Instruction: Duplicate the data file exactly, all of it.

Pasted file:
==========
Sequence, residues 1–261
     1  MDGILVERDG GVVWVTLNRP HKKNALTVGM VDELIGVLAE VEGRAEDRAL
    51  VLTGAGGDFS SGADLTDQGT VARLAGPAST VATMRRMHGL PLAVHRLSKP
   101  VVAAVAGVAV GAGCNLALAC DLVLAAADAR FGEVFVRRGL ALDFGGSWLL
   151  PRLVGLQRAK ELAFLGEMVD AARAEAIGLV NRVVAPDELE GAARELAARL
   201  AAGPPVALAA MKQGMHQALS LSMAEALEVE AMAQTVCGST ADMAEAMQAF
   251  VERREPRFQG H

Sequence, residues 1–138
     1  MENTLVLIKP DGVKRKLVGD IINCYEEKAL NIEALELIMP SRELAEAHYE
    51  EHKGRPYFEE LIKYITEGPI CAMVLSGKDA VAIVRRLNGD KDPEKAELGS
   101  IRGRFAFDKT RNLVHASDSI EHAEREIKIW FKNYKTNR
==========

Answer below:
Sequence, residues 1–261
     1  MDGILVERDG GVVWVTLNRP HKKNALTVGM VDELIGVLAE VEGRAEDRAL
    51  VLTGAGGDFS SGADLTDQGT VARLAGPAST VATMRRMHGL PLAVHRLSKP
   101  VVAAVAGVAV GAGCNLALAC DLVLAAADAR FGEVFVRRGL ALDFGGSWLL
   151  PRLVGLQRAK ELAFLGEMVD AARAEAIGLV NRVVAPDELE GAARELAARL
   201  AAGPPVALAA MKQGMHQALS LSMAEALEVE AMAQTVCGST ADMAEAMQAF
   251  VERREPRFQG H

Sequence, residues 1–138
     1  MENTLVLIKP DGVKRKLVGD IINCYEEKAL NIEALELIMP SRELAEAHYE
    51  EHKGRPYFEE LIKYITEGPI CAMVLSGKDA VAIVRRLNGD KDPEKAELGS
   101  IRGRFAFDKT RNLVHASDSI EHAEREIKIW FKNYKTNR